DISCLOSURE: THIS POST MAY CONTAIN AFFILIATE LINKS, WHICH MEANS WE MAY RECEIVE A COMMISSION IF YOU CLICK A LINK AND PURCHASE SOMETHING. PLEASE CHECK OUT OUR DISCLOSURE POLICY FOR MORE DETAILS.
In today’s edition of “Using gadgets to determine relatively useless information,” we review the new Philips Senseo Coffee system, the coffee it makes, AND measure the temperature of the coffee with a laser temperature sensor!
What’s in the Box?
The Philips Senseo (we picked Senseo blue – black and white are the other colors available), a single pod holder and a double pod holder, sample light roast coffee pods, the water reservoir, and the instructions.
What’s Good About It?
Lots. We took our Senseo out of the box, and ran it though its initial cleaning process per the instructions, which only took about 20 seconds. (Don’t worry about the awful noises it makes during the initial clean cycle, it is far noisier during the one-time cleaning process than it is when it makes coffee.) We then placed two dark roast pods in the dual pod holder, and pushed the two-cup button. Click on any of the images for a larger picture:
The red light is from the laser temperature sensor as we measure the temperature of the coffee as it enters the cup. Just how hot is it, you may ask?
A special thanks to Mr. L. Atreides, the superintendent of GadgetMadness Headquarters, for using his laser temperature gun to measure the temperature of our coffee. (FYI – my forehead measured 83 degrees!)
Yep, that’s about how hot you want your coffee to be. It’s reaaaaaalllly hot, ok, so for Pete’s sake don’t do anything stupid like put it in your lap and drive somewhere. (That would just be dumb.)
Needless to say the coffee this thing makes is consistently strong, frothy, smooth, and freakin’ delicious. I say this from the vantage point of having consumed every form of caffeine I’ve ever been able to get my hands on, everything from chewing handfuls of raw beans to Starbucks, from Seattle’s Best to Cafe du Monde, toss in some French Market, Cafe Molido, and Medaglia D’oro – you name it. I don’t generally care much for brewed coffee, but the drip from the Senseo is probably the best I have tasted from a standard drip coffee maker. The coffee isn’t the best part about the Senseo though – the cleanup is!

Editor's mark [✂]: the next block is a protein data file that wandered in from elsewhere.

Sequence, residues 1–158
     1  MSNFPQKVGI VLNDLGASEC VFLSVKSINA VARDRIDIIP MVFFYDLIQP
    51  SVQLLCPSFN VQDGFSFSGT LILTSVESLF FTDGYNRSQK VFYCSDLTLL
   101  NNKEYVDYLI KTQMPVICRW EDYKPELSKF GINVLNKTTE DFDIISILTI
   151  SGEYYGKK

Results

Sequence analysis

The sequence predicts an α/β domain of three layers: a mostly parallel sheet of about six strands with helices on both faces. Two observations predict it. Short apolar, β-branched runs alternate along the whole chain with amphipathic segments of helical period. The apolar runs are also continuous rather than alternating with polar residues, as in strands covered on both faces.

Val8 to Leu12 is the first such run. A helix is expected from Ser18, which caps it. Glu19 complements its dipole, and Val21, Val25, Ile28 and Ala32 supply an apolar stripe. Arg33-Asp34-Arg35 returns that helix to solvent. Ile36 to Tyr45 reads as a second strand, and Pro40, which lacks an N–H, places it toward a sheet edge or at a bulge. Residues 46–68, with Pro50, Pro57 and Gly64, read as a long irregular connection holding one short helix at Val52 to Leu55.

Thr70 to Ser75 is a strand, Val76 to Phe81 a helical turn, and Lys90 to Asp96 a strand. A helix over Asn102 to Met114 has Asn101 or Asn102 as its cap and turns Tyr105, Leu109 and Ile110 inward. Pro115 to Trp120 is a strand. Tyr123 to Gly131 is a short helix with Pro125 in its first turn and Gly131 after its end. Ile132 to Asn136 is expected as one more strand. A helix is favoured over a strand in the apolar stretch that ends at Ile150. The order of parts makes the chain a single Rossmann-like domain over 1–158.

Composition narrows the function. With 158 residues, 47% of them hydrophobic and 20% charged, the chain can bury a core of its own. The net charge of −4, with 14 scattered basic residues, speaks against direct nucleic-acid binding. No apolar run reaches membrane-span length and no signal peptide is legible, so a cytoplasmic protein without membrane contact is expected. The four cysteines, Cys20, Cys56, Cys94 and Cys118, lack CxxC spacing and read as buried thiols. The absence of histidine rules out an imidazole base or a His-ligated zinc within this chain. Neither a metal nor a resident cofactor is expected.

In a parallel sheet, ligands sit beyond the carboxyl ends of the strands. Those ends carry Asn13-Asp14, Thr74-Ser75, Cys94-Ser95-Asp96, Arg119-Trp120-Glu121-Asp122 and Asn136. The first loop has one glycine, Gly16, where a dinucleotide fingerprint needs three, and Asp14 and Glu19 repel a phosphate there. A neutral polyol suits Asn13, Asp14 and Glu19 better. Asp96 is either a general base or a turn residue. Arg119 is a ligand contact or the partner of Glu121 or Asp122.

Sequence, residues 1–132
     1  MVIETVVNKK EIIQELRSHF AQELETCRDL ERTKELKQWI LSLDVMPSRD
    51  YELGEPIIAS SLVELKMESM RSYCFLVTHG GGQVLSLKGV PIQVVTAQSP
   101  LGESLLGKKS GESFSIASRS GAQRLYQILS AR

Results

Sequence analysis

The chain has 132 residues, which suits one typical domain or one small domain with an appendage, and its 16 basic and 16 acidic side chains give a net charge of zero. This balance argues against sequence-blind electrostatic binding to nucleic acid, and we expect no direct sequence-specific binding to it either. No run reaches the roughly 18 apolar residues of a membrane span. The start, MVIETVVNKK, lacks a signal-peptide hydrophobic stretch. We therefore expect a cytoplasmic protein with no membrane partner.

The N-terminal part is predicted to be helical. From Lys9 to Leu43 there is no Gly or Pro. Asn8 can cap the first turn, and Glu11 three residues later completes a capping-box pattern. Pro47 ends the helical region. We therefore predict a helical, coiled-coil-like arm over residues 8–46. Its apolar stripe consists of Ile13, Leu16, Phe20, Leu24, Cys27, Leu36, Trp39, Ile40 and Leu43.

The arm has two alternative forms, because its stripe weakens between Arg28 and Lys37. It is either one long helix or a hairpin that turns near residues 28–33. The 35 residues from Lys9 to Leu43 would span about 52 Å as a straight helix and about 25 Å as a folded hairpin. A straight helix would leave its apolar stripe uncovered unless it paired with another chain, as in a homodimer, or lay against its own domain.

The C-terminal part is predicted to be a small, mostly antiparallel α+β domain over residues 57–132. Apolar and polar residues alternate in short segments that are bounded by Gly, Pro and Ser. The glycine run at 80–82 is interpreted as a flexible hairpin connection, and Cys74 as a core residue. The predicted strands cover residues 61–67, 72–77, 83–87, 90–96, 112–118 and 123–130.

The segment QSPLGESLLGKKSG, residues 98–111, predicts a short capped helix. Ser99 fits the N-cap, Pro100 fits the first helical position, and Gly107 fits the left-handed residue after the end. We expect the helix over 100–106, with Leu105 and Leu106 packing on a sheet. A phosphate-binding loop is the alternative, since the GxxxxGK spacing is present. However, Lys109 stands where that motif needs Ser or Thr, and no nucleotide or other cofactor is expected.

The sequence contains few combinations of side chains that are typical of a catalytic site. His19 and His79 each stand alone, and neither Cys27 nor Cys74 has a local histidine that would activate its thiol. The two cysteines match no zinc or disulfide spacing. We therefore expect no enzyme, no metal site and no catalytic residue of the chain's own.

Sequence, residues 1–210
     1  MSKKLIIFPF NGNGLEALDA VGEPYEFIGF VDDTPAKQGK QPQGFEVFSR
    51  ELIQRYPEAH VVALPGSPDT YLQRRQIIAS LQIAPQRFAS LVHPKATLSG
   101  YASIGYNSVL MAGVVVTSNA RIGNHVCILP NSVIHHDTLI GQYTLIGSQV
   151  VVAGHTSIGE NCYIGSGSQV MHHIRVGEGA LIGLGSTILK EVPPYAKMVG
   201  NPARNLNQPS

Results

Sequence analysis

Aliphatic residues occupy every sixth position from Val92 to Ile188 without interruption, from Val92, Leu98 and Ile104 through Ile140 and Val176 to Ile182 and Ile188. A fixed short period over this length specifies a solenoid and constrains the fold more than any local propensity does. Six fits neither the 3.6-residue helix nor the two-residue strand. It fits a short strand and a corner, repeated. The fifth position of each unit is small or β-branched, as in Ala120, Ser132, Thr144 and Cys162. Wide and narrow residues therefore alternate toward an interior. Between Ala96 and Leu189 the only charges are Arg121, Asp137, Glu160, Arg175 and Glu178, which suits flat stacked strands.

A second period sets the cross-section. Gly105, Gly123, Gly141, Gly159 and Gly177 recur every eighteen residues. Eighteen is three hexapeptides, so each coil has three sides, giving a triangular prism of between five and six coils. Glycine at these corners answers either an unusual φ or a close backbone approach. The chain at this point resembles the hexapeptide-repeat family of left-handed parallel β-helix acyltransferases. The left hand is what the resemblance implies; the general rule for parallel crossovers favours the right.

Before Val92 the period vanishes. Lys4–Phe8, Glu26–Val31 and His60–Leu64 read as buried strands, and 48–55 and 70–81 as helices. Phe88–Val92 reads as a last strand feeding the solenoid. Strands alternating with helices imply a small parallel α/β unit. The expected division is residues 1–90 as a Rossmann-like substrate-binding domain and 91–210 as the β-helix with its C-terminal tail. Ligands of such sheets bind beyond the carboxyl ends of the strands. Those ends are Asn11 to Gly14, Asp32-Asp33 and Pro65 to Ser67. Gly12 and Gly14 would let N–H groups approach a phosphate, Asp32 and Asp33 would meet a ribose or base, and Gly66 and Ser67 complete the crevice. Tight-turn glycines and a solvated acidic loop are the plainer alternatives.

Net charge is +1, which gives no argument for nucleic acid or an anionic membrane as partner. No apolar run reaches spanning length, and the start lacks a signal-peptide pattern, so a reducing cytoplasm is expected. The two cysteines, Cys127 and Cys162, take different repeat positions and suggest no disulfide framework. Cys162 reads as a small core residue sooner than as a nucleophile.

Two pods resting neatly in the two-pod holder, just the way we like it.
What’s this? Pick up the pods, wipe the pod holder with a paper towel, and cleanup is finished!?! Delicious, delicious! Let’s brew two more cups and dance the dance of the meercat!
What’s Bad About It?
At close to $70 bucks (we bought our own) the Senseo may be expensive for some people. The coffee works out to twenty-two cents per cup, which isn’t bad for the final product the Senseo makes. I really wanted the white cups shown on the outside package, sadly the Senseo comes with no cups. That’s right, no cups! The humanity! I’m obviously stretching here – the only real bad thing that comes to mind is that I will be drinking fewer Red Bull and Monster Energy drinks, and making fewer stops to Starbucks now that I have a Senseo at my desk. Another drawback for some will be that you have to use the Douwe Egberts coffee pods exclusively. We found the coffee the pods produce to be of superior flavor, with no bitterness whatsoever, so we’re not complaining about being stuck with them.
We like the Senseo, and you probably will too. It’s a very nicely designed product that’s pretty to look at, and it makes a succulent cup of coffee too.
Update: I totally need to give a special thanks to GadgetMadness contributor Doc for his help during this review: reading the directions, coercing Mr. Atreides to use his laser temp gun, tasting the coffee, and holding the dirty pods in the picture. Thanks Doc!